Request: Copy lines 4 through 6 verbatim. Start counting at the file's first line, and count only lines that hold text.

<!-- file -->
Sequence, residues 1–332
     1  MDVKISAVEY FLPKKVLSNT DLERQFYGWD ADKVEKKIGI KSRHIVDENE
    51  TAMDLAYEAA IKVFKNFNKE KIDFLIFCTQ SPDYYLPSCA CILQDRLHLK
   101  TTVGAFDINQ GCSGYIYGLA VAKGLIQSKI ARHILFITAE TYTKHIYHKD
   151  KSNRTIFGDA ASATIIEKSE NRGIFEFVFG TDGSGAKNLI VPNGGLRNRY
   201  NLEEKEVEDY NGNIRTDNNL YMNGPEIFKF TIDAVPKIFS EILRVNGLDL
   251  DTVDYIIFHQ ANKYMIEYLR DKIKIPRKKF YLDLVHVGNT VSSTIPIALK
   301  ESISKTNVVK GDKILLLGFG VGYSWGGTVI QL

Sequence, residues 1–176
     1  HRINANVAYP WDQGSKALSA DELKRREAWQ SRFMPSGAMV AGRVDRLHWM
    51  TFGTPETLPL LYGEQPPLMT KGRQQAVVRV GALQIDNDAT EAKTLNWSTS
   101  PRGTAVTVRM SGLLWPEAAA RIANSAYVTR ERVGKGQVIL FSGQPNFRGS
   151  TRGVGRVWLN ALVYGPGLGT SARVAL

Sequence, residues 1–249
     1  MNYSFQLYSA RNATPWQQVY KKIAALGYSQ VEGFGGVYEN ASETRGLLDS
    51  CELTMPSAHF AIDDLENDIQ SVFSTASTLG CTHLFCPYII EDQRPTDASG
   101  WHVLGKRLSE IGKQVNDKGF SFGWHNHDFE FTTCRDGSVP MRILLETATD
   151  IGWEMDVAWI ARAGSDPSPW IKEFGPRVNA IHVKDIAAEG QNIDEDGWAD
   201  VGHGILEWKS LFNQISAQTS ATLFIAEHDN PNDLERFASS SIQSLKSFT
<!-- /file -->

   101  TTVGAFDINQ GCSGYIYGLA VAKGLIQSKI ARHILFITAE TYTKHIYHKD
   151  KSNRTIFGDA ASATIIEKSE NRGIFEFVFG TDGSGAKNLI VPNGGLRNRY
   201  NLEEKEVEDY NGNIRTDNNL YMNGPEIFKF TIDAVPKIFS EILRVNGLDL